photo of newspapers at a newsstand

Credit: Wikipedia

Here’s an advance look at these upcoming obituary archives:

Brighton Standard Blade (Brighton, CO)

  • Obituaries: 10/02/2012 – Current

Canyon Courier (Evergreen, CO)

  • Obituaries: 08/28/2012 – Current

Clear Creek Courant (Idaho Springs, CO)

  • Obituaries: 08/29/2012 – Current

Columbine Courier (Littleton, CO)

  • Obituaries: 08/29/2012 – Current

High Timber Times (Conifer, CO)

  • Obituaries: 08/29/2012 – Current

Cedar Key Beacon (Chiefland, FL)

  • Obituaries: 08/09/2012 – Current

Chiefland Citizen (Chiefland, FL)

  • Obituaries: 08/09/2012 – Current

Gadsden County Times (Quincy, FL)

  • Obituaries: 10/02/2012 – Current

Riverland News (Dunnellon, FL)

  • Obituaries: 10/02/2012 – Current

Sumter County Times (Bushnell, FL)

  • Obituaries: 10/02/2012 – Current

Wakulla News, The (Crawfordville, FL)

  • Obituaries: 09/28/2012 – Current

Williston Pioneer Sun News (Williston, FL)

  • Obituaries: 08/29/2012 – Current

Vandalia Leader-Union (Vandalia, IL)

  • Obituaries: 08/30/2012 – Current

Mt. Vernon Democrat (Mt. Vernon, IN)

  • Obituaries: 06/29/2012 – Current

Perry County News (Tell City, IN)

  • Obituaries: 06/29/2012 – Current

Spencer County Journal-Democrat (Rockport, IN)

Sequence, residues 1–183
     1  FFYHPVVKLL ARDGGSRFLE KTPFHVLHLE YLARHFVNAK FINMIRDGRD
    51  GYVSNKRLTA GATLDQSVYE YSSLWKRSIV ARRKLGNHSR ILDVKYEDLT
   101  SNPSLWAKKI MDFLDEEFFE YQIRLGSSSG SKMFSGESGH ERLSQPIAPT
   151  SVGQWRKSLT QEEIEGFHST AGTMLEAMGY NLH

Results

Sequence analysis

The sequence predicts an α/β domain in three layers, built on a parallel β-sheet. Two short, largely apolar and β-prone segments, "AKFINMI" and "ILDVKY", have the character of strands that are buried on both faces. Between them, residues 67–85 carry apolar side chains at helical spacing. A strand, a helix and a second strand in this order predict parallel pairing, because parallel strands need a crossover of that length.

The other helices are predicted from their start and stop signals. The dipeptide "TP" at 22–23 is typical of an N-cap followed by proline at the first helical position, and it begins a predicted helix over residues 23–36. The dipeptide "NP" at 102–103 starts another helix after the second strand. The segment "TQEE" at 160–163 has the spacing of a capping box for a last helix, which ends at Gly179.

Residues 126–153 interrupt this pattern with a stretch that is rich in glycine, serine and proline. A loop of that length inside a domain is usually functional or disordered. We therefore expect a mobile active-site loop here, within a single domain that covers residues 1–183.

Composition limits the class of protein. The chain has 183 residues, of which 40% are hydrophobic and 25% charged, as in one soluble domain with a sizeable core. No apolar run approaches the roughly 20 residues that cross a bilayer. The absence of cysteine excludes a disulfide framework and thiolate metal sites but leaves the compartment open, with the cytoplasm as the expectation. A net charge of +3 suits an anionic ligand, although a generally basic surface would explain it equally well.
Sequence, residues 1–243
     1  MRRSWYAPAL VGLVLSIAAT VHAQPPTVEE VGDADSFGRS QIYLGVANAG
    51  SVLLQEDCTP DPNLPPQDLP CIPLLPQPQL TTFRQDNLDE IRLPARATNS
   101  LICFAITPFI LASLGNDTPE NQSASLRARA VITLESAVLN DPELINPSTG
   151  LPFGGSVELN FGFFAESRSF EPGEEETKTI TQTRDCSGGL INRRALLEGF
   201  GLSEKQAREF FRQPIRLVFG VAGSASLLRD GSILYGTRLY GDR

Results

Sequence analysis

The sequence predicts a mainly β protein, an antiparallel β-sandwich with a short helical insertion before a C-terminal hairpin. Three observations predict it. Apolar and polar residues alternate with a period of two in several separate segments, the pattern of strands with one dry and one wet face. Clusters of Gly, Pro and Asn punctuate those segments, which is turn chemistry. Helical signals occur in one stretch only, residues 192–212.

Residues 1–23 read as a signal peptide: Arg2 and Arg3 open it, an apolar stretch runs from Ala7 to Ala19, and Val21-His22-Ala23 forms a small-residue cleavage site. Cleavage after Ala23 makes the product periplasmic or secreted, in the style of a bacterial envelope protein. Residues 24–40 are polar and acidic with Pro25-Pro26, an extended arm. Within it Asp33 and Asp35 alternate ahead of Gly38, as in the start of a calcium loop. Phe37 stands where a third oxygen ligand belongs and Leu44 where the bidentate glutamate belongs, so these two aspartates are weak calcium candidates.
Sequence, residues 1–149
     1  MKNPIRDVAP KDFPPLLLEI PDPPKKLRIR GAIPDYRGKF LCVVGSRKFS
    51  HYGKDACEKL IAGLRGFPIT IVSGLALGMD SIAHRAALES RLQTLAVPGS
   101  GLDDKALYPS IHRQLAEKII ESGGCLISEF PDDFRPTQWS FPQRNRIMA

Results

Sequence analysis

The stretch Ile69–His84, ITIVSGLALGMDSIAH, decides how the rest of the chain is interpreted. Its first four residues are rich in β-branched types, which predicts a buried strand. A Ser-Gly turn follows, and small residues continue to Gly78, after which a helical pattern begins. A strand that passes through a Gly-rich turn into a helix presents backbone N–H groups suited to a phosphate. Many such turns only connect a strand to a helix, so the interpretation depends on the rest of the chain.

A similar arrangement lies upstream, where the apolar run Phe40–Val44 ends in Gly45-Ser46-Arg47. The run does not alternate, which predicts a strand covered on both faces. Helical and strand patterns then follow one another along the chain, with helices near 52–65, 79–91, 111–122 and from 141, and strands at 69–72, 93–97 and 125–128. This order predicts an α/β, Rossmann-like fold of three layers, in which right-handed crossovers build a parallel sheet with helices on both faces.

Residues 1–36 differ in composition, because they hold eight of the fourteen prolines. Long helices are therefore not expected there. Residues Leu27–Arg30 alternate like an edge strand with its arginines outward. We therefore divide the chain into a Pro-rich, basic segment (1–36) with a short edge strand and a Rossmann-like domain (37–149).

• Obituaries: 06/29/2012 – Current

Opinion-Tribune (Glenwood, IA)

  • Obituaries: 08/21/2012 – Current

Carrollton News-Democrat (Carrollton, KY)

  • Obituaries: 10/31/2012 – Current

Casey County News (Liberty, KY)

  • Obituaries: 08/09/2012 – Current

Central Kentucky News-Journal (Campbellsville, KY)

  • Obituaries: 06/15/2012 – Current

Cynthiana Democrat (Cynthiana, KY)

  • Obituaries: 08/29/2012 – Current

Grant County News and Express (Williamstown, KY)

  • Obituaries: 08/30/2012 – Current

Henry County Local (New Castle, KY)

  • Obituaries: 08/29/2012 – Current

News-Enterprise (Elizabethtown, KY)

  • Obituaries: 04/30/2012 – Current

Owenton News-Herald (Owenton, KY)

  • Obituaries: 10/31/2012 – Current

Pioneer News (Shepherdsville, KY)

  • Obituaries: 06/13/2012 – Current

Brunswick Beacon (Shallotte, NC)

  • Obituaries: 07/11/2012 – Current

Herald (Rock Hill, SC)

  • Obituaries: 03/13/2013 – Current

Pageland Progressive-Journal (Pageland, SC)

  • Obituaries: 06/26/2012 – Current